LARGO — Kenny Stoltman, the 13-year-old accused of stabbing a school resource officer and bringing gasoline bombs to his Palm Harbor middle school in April, has pleaded guilty to charges of possession of firebombs, according to records released Friday.
Stoltman was ordered into a residential mental health facility for juveniles in Orlando, where he is still being held.
The boy still faces charges of attempted murder and battery on a School Board employee from the April 5 incident in which he's accused of stabbing Pinellas County schools police Officer Kenneth Fridlund three times.
A transcript of Stoltman's May 27 juvenile court hearing was released to the St. Petersburg Times by order of Pinellas-Pasco Chief Judge Thomas McGrady after a hearing Monday. The Times had sought access to a recording made of the hearing, but a court official said state law made that record confidential. After a request by the Times and a waiver of confidentiality by the boy's lawyer, Barry Cohen, McGrady ordered that a transcript be made public.
At the hearing, a child psychologist told the judge that Stoltman had been a "model detainee" during his time at the Pinellas County Juvenile Detention Center. Adele Solazzo also told the judge that an Orlando center would better suit Stoltman's needs because it would deliver the intensive therapy he requires.
Circuit Judge Jack Day agreed to place Stoltman in the Orlando facility after ordering a series of provisions, including that Stoltman will not be allowed any home visits without permission from the court; he cannot possess any weapons; and he can't be released without a court hearing until his other criminal charges are addressed.
Stoltman's trial on the remaining charges has been postponed until September, said his lawyer, who hopes to reach an agreement with prosecutors before then.
"I want to see how he does, let the state see how he does (in treatment)," Cohen said. "It's not the kind of case I think should be tried. That's not going to help the state. It's not going to help him."
Pinellas-Pasco Chief Assistant State Attorney Bruce Bartlett wasn't available for comment Friday.
Prosecutors at the May hearing objected to the agreement, partly because they questioned how it could affect the resolution of the remaining charges, which are more serious and could warrant more severe penalties.
But the presiding judge, Day, said there was nothing to stop the boy from pleading to some charges now and dealing with others later.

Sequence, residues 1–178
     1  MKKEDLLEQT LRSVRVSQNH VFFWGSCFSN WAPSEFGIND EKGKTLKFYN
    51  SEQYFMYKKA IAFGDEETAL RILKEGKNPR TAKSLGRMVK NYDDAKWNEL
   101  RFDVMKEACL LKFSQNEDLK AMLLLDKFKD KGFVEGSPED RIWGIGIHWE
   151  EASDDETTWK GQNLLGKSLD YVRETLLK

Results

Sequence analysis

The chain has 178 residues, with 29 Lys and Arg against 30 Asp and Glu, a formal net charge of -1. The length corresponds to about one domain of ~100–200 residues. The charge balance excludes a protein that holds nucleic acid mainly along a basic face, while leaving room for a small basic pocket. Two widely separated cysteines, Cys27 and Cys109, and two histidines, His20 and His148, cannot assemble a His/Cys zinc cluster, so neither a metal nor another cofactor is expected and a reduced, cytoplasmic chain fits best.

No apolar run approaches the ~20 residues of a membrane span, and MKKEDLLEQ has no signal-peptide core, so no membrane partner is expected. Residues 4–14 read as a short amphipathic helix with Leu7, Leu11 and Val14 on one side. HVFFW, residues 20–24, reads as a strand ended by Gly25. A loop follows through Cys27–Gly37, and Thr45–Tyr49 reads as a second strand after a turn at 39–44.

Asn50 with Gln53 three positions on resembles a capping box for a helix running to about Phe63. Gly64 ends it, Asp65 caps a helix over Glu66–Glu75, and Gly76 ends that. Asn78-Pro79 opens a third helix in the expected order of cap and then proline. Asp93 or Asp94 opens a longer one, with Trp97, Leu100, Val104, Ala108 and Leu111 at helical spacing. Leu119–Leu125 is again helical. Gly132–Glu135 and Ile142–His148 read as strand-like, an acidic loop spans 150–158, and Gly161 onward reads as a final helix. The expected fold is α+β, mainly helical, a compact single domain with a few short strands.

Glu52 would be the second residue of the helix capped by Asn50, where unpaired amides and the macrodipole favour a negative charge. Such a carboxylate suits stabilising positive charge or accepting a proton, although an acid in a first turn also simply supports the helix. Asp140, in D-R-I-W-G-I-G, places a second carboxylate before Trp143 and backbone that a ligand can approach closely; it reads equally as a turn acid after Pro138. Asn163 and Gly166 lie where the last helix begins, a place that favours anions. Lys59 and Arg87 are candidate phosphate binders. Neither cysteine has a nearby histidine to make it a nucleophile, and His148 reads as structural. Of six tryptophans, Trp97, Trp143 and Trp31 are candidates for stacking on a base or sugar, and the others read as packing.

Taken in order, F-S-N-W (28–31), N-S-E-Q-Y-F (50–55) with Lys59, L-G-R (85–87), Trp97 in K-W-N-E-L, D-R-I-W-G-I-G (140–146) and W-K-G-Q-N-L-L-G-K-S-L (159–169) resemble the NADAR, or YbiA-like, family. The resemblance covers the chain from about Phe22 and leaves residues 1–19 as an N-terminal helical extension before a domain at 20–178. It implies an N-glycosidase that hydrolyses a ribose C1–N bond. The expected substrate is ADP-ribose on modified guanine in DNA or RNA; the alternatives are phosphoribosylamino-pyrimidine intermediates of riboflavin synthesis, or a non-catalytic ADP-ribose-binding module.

"I fully understand the state attorneys' mindset …," Cohen said. "But when you look at the juvenile court system, when you look at its philosophy and purpose, you have a system in place designed to determine what causes this kind of acting-out behavior and to see if you can't preserve the good and the vulnerabilities of a young kid."
The order doesn't specify how long Stoltman will be held at the Orlando facility, but Solazzo said the average length of stay is six months. Cohen expects Stoltman will be held as long as it takes to convince authorities that he's no longer a danger to the public.
Stoltman was an accomplished Boy Scout without any criminal history before he brought 11 glass bottles full of gas into a boys' bathroom at Carwise Middle School. When Fridlund approached him, Stoltman lunged at the officer and stabbed him in the abdomen, shoulder and arm, according to the Pinellas County Sheriff's Office. He then struggled violently to unholster the veteran officer's gun.
Cohen said he doesn't believe Stoltman ever intended to kill the officer and instead tried to get the gun so he could use it on himself.
Stoltman came from an abusive and neglectful background and was abandoned by his mother, Cohen said. But when he moved in with his maternal grandmother several years ago, he began to flourish. Teachers interviewed by detectives said Stoltman had always been a conscientious, respectful and hard-working child.
Cohen said his client snapped that April morning from internalizing his early life stresses and not having suitable coping skills to deal with bullying at school.
Cohen said he has heard Stoltman is doing well at the facility and said he believes it's the best place to rehabilitate his client and offer him a chance at a successful future. "He's going to get his treatment and become the kind of kid he's always been."